The route was counter-clockwise, and started climbing within a kilometer or two. The climb was welcome, as it helped fight the morning chill, and as we rode along, we saw quite a few Eroica-grade bikes, complete with their riders in proper garb. The familiar pattern of steep climb, steep descent, views filled with vibrant green fields I had seen all week was back, and though the descents were brisk, the day was proving to have a nearly perfect temperature for cycling.

At the first food stop, we stuffed ourselves with delicious bread, cheese, crackers, and salami. Judging by the thin crowd, we were well behind the main group, but as we had not bothered picking up timer chips, we didn’t care. A guy rolled up to the drink table, and straddling the top tube of his bike, duck-walked up to refill his bottle. He completely blocked the table, from one end to the other. I was surprised, because this guy is at every fondo I’ve ever ridden. I assume it’s just one guy, because I don’t figure that there’s that many selfish asshats out there who think it’s OK to block a whole table by themselves. At least, I hope most people have at least a modicum of consideration to their fellow fondo-ers.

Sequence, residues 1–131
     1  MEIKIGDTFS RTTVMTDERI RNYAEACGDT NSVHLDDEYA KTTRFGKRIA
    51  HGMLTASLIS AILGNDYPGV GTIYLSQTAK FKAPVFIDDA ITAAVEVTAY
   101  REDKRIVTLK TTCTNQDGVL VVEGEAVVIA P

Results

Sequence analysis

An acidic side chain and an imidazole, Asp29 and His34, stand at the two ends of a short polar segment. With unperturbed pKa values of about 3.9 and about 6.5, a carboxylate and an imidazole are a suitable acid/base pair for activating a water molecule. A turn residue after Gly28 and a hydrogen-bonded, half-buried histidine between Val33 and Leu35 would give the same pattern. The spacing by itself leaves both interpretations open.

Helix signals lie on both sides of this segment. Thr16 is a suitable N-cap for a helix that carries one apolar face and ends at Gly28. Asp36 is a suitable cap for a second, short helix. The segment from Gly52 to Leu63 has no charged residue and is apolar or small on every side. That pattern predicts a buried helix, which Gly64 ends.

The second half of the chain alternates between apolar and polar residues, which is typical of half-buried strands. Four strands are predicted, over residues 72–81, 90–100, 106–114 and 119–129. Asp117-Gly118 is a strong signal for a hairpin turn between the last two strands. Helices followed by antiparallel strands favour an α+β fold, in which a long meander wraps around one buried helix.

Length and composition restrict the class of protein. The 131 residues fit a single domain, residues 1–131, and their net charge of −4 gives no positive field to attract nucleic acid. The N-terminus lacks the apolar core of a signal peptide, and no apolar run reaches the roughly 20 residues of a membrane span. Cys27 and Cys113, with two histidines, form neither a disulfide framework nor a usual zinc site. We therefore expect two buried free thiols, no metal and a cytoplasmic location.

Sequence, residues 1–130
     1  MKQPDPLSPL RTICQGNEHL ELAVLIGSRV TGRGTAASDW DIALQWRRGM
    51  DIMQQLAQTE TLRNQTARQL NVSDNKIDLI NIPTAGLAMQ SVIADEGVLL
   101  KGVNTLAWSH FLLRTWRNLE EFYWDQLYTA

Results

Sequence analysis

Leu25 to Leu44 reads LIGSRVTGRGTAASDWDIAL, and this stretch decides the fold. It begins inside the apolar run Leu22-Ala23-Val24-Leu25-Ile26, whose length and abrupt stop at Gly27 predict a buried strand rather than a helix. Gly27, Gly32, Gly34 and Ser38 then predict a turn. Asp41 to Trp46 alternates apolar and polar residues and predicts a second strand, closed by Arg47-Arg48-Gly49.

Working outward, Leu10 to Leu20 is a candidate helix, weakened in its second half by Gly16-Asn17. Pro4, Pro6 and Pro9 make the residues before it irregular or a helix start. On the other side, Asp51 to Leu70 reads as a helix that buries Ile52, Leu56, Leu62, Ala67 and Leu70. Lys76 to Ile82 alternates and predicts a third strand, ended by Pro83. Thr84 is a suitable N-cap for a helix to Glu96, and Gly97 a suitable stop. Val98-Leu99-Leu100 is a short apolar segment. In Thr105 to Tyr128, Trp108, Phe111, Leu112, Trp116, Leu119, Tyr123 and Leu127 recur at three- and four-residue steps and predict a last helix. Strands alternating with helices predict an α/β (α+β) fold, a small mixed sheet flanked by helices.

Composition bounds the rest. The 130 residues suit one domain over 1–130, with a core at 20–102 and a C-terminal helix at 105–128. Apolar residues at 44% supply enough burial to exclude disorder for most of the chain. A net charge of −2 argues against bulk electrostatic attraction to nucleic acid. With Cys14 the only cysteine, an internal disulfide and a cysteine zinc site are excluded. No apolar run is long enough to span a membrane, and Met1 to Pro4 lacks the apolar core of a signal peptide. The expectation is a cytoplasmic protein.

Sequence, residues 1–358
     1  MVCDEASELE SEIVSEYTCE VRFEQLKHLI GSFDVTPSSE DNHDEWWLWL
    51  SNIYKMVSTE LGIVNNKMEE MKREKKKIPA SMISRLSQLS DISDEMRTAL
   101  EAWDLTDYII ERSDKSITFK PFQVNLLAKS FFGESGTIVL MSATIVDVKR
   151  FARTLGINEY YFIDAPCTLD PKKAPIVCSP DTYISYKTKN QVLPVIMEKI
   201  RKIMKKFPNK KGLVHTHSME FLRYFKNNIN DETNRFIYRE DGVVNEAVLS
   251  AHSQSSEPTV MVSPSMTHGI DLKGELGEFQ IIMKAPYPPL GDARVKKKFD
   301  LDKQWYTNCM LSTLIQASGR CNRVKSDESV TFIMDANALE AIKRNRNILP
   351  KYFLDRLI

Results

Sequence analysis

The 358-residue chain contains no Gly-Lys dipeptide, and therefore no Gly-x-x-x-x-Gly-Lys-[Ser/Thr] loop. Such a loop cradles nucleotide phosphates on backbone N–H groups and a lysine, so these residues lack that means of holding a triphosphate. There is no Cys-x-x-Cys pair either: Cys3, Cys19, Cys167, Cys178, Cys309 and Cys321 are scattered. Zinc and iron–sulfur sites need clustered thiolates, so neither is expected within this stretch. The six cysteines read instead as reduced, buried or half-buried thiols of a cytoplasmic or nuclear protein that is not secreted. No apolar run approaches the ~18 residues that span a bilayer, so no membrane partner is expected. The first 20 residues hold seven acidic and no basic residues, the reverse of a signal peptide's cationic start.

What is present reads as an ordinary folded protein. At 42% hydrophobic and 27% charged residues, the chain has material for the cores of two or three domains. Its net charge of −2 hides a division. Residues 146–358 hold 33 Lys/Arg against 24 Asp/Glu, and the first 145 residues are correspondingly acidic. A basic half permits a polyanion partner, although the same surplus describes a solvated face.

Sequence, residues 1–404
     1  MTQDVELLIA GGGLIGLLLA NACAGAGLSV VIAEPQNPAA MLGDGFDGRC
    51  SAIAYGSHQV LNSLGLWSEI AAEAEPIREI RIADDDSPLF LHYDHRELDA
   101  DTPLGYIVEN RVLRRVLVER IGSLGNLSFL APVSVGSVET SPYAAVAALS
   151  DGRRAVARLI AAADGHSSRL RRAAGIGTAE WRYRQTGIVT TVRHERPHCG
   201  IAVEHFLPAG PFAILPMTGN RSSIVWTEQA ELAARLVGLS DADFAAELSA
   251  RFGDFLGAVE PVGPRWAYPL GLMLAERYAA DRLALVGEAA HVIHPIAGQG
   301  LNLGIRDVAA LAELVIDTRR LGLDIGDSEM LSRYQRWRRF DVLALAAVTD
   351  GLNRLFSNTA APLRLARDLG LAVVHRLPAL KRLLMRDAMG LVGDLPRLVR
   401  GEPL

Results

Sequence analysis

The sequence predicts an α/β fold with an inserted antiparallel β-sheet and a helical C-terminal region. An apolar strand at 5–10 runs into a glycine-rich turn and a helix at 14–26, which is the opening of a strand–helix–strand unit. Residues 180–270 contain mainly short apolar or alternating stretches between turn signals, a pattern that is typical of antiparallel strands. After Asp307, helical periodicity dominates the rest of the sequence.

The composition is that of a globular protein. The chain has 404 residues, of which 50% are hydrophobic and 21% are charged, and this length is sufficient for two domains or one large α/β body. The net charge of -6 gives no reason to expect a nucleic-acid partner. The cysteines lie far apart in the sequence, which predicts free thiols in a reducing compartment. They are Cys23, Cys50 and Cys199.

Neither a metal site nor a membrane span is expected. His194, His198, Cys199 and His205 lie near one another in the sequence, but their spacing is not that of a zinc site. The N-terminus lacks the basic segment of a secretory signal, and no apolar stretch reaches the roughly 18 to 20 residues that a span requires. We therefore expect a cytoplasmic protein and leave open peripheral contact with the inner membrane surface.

As the day, and route, rolled on, with hardly a flat spot in sight, we heard the shriek of metal-on-metal. It sounded like a pebble jammed in a car disc brake, but louder, and approaching us from behind. A man in a yellow Del Tongo jersey and riding an orange Ghiaroni smiled at us and said, “My brakes are acoustical, no?” Well, yes, as a matter of fact, they are.

No stealthy brakes here